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Need to look at this later

Have you got the WiFi Multi To Unicast settings ticked?

Seems this setting needs to be set, otherwise you're going to experience a myriad of WiFi issues.

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I do not, thank you. To come to think of it I do recall coming across this recommendation in this thread.

I'll enable.

Update: this seems to have fixed the issue for me!

Update 2: 15hrs later, still going strong without any drop-outs

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I created a an attempt to fix the annoying sysupgrade problem, where the ath11k wifi driver takes so long to be terminated, that the sysupgrade silently fails and the router boots without actually sysupgrading. This happens quite often with DL-WRX36, and the manual fix is to kill "wpad" process before sysupgrade is started.

See PR 13042 for the patch and explanation. I propose to add 2 sec delay into the "kill all processes" loop, so that the ath11k has time to die during that 10 times loop).

EDIT:
Note that the PR discussion now includes also a newer, slightly modified version of the solution. (where exactly is the 2 sec delay added)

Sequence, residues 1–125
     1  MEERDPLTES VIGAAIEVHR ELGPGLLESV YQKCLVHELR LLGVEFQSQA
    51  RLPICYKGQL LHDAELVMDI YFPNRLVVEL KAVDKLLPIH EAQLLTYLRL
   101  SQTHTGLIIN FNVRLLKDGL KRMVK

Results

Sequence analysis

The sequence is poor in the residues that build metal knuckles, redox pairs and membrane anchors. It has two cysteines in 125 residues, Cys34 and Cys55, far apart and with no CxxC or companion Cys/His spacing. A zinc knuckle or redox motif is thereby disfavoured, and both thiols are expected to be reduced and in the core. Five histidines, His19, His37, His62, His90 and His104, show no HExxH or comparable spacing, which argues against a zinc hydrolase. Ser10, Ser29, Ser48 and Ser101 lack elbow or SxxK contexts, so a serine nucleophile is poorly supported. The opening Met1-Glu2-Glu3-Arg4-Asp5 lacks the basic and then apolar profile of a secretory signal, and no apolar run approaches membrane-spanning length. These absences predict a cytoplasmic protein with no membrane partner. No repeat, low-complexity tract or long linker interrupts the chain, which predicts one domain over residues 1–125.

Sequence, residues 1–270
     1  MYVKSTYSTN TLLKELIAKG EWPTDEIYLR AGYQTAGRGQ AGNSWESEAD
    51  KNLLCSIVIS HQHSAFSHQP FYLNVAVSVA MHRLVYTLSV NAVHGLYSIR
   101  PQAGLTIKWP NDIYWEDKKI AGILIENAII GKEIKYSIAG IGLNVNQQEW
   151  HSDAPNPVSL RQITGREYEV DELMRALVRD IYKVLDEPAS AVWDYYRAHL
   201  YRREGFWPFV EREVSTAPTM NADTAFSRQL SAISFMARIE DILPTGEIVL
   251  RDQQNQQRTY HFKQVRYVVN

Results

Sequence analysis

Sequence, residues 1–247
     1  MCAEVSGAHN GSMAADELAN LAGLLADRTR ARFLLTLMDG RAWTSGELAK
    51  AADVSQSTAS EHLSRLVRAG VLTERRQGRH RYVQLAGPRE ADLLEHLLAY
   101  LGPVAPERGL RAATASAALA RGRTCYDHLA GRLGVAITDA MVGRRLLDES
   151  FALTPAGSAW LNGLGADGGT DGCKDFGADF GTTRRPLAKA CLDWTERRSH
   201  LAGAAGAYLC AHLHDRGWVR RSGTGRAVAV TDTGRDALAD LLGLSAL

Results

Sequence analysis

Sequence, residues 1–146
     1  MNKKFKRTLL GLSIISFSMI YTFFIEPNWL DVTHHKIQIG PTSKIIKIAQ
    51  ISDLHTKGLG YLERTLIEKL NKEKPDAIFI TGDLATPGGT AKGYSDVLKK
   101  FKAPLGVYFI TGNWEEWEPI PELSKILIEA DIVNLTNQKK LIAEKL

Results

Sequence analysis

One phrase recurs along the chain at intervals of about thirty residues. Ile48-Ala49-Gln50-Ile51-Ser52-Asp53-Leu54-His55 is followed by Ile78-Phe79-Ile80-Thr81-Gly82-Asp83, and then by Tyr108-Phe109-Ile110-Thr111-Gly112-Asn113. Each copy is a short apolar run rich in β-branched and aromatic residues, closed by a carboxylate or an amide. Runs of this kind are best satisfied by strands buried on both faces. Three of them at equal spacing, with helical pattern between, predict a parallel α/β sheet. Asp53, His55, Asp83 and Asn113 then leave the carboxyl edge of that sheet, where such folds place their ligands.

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Is there a reason why can't we just wait for the hostapd PIDs to die, after a kill was issued?

Some processes might be stuck, so the approach has been to first try nicely terminating the processes, and after a few seconds try to forcibly kill the remaining reluctant processes. That has worked ok for OpenWrt for the last two decades.

ath11k driver seems to be more difficult and slow to kill, (as apparently some TX buffers in kernel space cause a slower termination). There have been at least two alternative solution attempt PRs, but there has been drawbacks in both of them.

The sysupgrade scripts are 95% common to all targets, so there can't be too complex ath11k targeting logic.

Making the final kill loop a bit slower seems to do the trick, as it gives ath11k time to die.

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Its ok. I would consider it "very good" in general. For the money, its extremely good.

So the question isn't so much, how can we know when the hostapd is dead so that we can proceed with sysupgrade, but how long should the opportunity window for a graceful shutdown be, before we terminate it forcefully?

Please read the discussion in the two PRs that I linked in my PR.
The process does not even react well to being "forcibly killed". (Likely too deeply in the kernel space IRQs etc.)